Rick Madden, who helped to reinvent public radio during 19 years at
the Corporation for Public Broadcasting, succumbed to brain cancer Feb. 21. He was 56. Madden died at his home in Rockville, Md., with his wife and two daughters
close by. He had been diagnosed with the disease in December 2000.
Frontline knows how to shake things up in North Carolina. Last week, less than a month after the series aired Ofra Bikel’s 90-minute documentary “An Ordinary Crime,” about 21-year-old Terence Garner, a state court granted Garner’s motion for a new trial. He posted bond and went home with his mother and family for the first time in more than four years. Garner had been serving a sentence of 32-43 years for robbery and attempted murder—the “ordinary crime” he insisted all along he had no part of. Bikel—whose award-winning trilogy “Innocence Lost” led the state to drop charges in 1997 in a major child abuse case in Edenton, N.C.—again turned the spotlight on criminal justice in the state.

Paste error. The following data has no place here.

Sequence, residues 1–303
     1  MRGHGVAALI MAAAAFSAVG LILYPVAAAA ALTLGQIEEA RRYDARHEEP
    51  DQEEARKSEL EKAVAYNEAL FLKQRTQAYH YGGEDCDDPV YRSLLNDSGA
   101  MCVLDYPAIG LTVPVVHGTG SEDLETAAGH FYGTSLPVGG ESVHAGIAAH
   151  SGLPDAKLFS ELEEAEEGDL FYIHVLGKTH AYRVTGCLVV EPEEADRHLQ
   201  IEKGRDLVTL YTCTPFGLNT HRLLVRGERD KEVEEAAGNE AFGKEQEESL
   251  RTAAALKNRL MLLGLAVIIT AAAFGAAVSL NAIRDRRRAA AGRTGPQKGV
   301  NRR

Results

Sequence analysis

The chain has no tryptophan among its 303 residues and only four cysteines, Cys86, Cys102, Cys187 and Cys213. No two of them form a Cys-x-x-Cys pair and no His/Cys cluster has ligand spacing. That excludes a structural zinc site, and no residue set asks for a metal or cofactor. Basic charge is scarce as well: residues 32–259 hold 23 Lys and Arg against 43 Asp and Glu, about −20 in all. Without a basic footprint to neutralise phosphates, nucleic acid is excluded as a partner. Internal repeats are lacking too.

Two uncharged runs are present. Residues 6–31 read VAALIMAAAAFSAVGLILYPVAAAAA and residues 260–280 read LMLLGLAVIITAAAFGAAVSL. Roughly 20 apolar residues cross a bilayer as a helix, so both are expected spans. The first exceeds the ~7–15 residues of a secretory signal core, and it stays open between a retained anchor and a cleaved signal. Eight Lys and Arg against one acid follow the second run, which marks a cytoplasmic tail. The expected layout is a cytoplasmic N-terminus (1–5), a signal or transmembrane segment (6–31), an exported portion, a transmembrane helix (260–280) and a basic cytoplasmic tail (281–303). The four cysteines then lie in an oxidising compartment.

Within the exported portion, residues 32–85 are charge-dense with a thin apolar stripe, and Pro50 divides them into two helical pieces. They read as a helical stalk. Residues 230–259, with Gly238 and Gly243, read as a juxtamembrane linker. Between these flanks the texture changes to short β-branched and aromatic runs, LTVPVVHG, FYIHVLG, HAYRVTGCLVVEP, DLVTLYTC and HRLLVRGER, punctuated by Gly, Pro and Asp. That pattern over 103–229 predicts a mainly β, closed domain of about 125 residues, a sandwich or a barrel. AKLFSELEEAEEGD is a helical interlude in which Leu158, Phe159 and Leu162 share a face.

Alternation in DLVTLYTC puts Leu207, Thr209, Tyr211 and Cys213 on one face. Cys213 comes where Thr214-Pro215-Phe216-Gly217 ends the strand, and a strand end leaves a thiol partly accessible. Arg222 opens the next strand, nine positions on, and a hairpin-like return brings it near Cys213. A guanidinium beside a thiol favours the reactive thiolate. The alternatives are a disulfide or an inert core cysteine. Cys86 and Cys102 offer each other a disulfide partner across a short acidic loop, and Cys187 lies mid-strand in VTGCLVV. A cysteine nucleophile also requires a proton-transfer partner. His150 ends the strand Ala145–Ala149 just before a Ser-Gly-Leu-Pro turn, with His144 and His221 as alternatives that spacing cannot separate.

Twenty-nine years after their pioneering observational doc series entranced PBS viewers, the filmmakers Alan and Susan Raymond are bringing back the Loud family one last time. They are talking with WETA about offering the new hour-long episode to PBS, according to Mr. Raymond and Jim Corbley, v.p. of production management at the Washington station. If a deal is struck, the film could be ready this fall, Raymond said. The occasion was the death Dec. 21  of Lance Loud, eldest son in the Santa Barbara family, who stunned his family and became a symbol of gay liberation in 1973 by coming out on national television.